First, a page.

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BY-NC-ND 3.0 license Open Access Published by De Gruyter February 4, 2016

Kinetic investigation of a complex curing of the guaiacol bio-based benzoxazine system

Aleš Ručigaj, Špela Gradišar and Matjaž Krajnc
From the journal e-Polymers

Abstract

Curing kinetics of guaiacol based benzoxazine synthesized from guaiacol, furfurylamine and formaldehyde forming bio-based polybenzoxazine was investigated. The curing process showed complex polymerization behavior, as the exothermal signal consisted of several overlapped peaks. Differentiation and fitting of overlapped peaks was performed by Pearson VII distribution obtaining two separate exothermal signals further associated to stage 1 and stage 2. The apparent activation energies of both stages were determined to be 113.8 kJ mol-1 and 117.5 kJ mol-1, respectively, according to Kissinger. The first could be explained by benzoxazine ring-opening and electrophilic substitution, whereas the second stage corresponds to the rearrangement and diffusion-controlled step. Kinetics of each stage was studied separately. As a result, the first stage was described by Šesták-Berggren autocatalytic model, whereas the second stage appeared to follow nth order kinetics proved by the Friedman method. Application of both kinetic models demonstrated that the predicted curves fit well with the non-isothermal DSC thermograms and as such sufficiently describes the complex curing behavior of guaiacol based benzoxazine.

1 Introduction

Polybenzoxazines are a relatively new class of thermosetting resins which, besides the adaptability of the benzoxazine monomer molecule, also possess excellent thermal, mechanical, electrical and other properties (13). Moreover, the ability of benzoxazine resin to blend with other polymers provides the material with an even broader range of applications (4, 5). Benzoxazine monomers are a class of heterocyclic compounds with typically one or two oxazine rings in their molecules and are synthesized from a formaldehyde, primary amine and phenolic derivative (1, 6). In general, polybenzoxazines are prepared from 1,3-benzoxazines in ring-opening polymerization reaction at elevated temperatures (7). Recently, due to the world-wide energy crisis and environmental concerns, much attention has been given to polymers from renewable resources. This is why it is not surprising that there is an increasing demand for the transition from fossil fuels towards the fully bio-based thermosetting materials (810).

There is much research dealing with synthesis and characteristics of fully or partially bio-based synthesis of benzoxazines based particularly on cardanol, guaiacol and eugenol as phenolic precursors. Cardanol is usually obtained from cashew nutshell liquid, guaiacol from biomass pyrolysis and eugenol from certain essential oils especially from clove oil, nutmeg and cinnamon. The polymerization of benzoxazine is normally carried out at temperatures above 180°C, which is unfavorable for the synthesis of fully bio-based polybenzoxazines due to the possible decomposition of bio-based raw materials at high temperatures. For that reason researches deals mainly on the synthesis of novel bio-based benzoxazines, their thermal stability during the curing process and in finding promoters to lower the polymerization temperature. However, although previous research described the bio-based benzoxazine resins characteristics in detail, less attention has been given to the kinetic aspects of the curing (814).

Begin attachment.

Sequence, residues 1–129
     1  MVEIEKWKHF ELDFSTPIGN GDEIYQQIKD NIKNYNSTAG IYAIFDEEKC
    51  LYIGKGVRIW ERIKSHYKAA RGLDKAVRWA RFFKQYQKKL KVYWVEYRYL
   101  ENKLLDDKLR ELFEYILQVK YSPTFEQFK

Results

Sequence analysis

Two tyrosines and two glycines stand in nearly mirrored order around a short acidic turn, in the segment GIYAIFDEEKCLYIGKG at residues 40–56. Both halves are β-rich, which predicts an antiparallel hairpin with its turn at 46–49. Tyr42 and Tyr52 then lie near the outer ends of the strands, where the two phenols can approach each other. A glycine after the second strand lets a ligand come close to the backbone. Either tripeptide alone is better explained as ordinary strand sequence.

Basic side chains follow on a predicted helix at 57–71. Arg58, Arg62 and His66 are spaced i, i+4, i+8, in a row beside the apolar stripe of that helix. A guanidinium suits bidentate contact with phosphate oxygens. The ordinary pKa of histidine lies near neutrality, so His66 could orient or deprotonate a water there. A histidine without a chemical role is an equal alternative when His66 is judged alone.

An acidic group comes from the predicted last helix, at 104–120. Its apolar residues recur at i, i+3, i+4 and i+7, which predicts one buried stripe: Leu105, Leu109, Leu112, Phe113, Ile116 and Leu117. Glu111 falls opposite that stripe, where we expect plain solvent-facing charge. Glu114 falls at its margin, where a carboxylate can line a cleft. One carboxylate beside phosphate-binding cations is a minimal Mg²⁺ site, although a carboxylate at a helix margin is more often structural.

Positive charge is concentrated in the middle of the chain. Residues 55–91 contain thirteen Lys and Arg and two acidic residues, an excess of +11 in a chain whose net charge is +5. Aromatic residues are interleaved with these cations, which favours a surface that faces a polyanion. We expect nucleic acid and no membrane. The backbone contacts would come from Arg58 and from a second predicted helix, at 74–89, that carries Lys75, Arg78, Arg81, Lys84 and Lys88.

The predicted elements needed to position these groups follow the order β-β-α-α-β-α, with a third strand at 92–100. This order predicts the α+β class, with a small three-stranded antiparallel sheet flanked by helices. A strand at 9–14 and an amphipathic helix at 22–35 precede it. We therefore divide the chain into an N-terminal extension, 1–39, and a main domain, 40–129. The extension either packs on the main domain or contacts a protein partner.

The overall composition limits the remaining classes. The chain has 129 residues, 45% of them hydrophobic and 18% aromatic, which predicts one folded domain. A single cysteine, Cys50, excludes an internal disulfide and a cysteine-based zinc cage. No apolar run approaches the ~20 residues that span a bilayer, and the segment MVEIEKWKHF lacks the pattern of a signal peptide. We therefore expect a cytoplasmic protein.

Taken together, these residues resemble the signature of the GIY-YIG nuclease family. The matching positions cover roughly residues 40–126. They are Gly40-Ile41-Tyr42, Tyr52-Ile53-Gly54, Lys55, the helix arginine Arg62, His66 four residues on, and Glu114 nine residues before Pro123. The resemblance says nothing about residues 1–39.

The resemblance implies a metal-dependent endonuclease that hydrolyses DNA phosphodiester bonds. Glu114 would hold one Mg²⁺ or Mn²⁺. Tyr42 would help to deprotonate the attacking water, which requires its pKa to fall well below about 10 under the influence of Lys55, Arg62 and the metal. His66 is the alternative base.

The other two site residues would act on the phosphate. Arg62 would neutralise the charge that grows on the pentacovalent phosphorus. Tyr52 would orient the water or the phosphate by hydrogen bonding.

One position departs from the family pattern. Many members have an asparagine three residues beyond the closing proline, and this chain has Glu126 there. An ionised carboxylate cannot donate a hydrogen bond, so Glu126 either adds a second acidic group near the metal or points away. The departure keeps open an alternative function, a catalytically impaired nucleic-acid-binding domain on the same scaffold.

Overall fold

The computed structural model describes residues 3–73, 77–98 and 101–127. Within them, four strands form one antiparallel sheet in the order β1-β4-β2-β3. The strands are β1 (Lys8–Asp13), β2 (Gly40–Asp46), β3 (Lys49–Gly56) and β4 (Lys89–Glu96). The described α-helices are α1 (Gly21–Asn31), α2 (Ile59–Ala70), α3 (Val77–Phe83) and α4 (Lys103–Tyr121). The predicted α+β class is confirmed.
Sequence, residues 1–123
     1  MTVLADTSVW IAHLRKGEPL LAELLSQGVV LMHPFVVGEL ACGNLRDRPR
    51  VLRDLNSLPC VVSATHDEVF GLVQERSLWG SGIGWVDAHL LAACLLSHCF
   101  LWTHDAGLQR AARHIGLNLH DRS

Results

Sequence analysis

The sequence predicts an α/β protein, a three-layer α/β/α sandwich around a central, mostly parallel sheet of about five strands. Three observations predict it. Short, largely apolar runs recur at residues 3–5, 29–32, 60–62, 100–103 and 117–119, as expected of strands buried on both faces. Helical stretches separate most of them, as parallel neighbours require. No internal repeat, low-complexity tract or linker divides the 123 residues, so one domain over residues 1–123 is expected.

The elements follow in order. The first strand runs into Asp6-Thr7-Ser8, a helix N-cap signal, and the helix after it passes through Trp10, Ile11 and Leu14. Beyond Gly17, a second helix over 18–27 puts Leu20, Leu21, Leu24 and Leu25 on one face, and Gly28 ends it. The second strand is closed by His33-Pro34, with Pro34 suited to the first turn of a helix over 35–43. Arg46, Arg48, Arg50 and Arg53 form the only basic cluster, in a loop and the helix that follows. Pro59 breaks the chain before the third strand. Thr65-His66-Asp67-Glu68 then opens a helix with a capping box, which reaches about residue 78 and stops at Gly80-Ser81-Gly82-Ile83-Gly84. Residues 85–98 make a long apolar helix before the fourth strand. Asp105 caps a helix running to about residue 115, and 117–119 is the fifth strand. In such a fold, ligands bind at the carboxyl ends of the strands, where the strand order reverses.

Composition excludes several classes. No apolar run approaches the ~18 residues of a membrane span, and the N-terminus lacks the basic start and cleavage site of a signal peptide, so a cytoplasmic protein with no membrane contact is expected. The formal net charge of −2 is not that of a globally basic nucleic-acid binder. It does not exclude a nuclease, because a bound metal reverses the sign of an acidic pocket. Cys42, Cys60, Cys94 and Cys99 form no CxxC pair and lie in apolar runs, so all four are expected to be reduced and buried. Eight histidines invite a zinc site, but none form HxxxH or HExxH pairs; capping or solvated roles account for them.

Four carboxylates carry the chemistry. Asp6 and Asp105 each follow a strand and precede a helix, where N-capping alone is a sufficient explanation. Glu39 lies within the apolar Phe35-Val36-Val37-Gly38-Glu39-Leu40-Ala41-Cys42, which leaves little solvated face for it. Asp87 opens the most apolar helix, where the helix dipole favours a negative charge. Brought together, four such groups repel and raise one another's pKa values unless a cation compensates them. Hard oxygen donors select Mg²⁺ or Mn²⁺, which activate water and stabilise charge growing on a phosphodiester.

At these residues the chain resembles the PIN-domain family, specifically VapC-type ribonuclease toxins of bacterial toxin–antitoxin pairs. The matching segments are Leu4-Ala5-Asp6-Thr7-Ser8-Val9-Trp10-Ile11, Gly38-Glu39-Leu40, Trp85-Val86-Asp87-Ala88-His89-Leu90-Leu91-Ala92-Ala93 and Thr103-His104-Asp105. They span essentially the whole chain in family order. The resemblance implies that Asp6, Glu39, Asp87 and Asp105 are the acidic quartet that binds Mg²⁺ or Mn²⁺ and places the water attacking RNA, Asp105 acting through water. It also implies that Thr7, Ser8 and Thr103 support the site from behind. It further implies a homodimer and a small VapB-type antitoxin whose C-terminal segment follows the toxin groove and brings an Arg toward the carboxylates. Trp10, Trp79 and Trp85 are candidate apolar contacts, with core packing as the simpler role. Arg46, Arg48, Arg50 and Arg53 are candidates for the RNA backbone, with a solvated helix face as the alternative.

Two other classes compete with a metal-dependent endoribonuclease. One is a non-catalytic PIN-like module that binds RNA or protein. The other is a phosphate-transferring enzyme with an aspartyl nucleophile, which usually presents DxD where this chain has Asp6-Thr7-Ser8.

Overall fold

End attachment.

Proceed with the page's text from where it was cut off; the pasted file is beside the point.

The cure kinetics of a thermosetting polymer is easily monitored by differential scanning calorimetry (DSC). The basic assumption when using DSC technique is that the rate kinetics process is proportional to the measured heat flow (Eq. [1]) (15).

[1]α=ΔH(t)ΔHtot [1]

where ΔH(t) is the partial area under the DSC curve up to the time t and ΔHtot is the total heat released during the curing reaction. Furthermore, kinetic analysis of non-isothermal curing system is based on the rate equation (Eq. [2]) and can be performed only when curing at multiple heating rates is applied (15, 16).

[2]dαdtβdαdT=k(T)f(α) [2]

where t is time, T is temperature in K, α is the extent of the reaction, dα/dt is the conversion rate in s-1, β is the heating rate in K min-1, and f(α) is the reaction model. Temperature dependence on rate constant is represented through the Arrhenius equation (Eq. [3]) (15):

[3]k(T)=Aexp (-EaRT) [3]

where A is the pre-exponential factor in s-1, Ea is the apparent activation energy in J mol-1, R is the ideal gas constant in J mol-1 K-1, and T is the absolute temperature in K. Evaluation of the Arrhenius kinetic parameters can be accurately done by the use of numerous model-free methods, which allow calculations without knowing the form of the reaction model. The basic approach in model-free kinetics is the use of the isoconversional principle which indicates that the reaction rate is only a function of the temperature. The most commonly used model-free methods are the Kissinger (17) and isoconversional Friedman (18) and Flynn-Wall-Ozawa methods (19). The Kissinger method is based on a linear relationship with the logarithm of β/Tp2 with the inverse of the peak temperature (Tp) (Eq. [4]) whereas isoconversional method assumes that activation energy and pre-exponential factor are functions of the degree of curing.

[4]ln(βTp2)=ln(QpAREa)-EaRTp [4]

where Qp is defined as –[df(α)/dα]α=αp. Differential isoconversional method proposed by Friedman is based on Eq. [5]:

[5]lndαdt=ln[Af(α)]-EaRT [5]

The isoconversional integral method was also proposed independently by Flynn, Wall and Ozawa using Doyle’s approximation of the temperature integral. It has to be noted that Doyle’s approximation gives linear relationship of temperature integral and is as such less accurate as the non-linear approximation by Vyazovkin (16). The Flynn-Wall-Ozawa method is based on equations as follows:

[6]ln β=ln(AEαR)-lng(α)-5.331-1.052(EαRT) [6]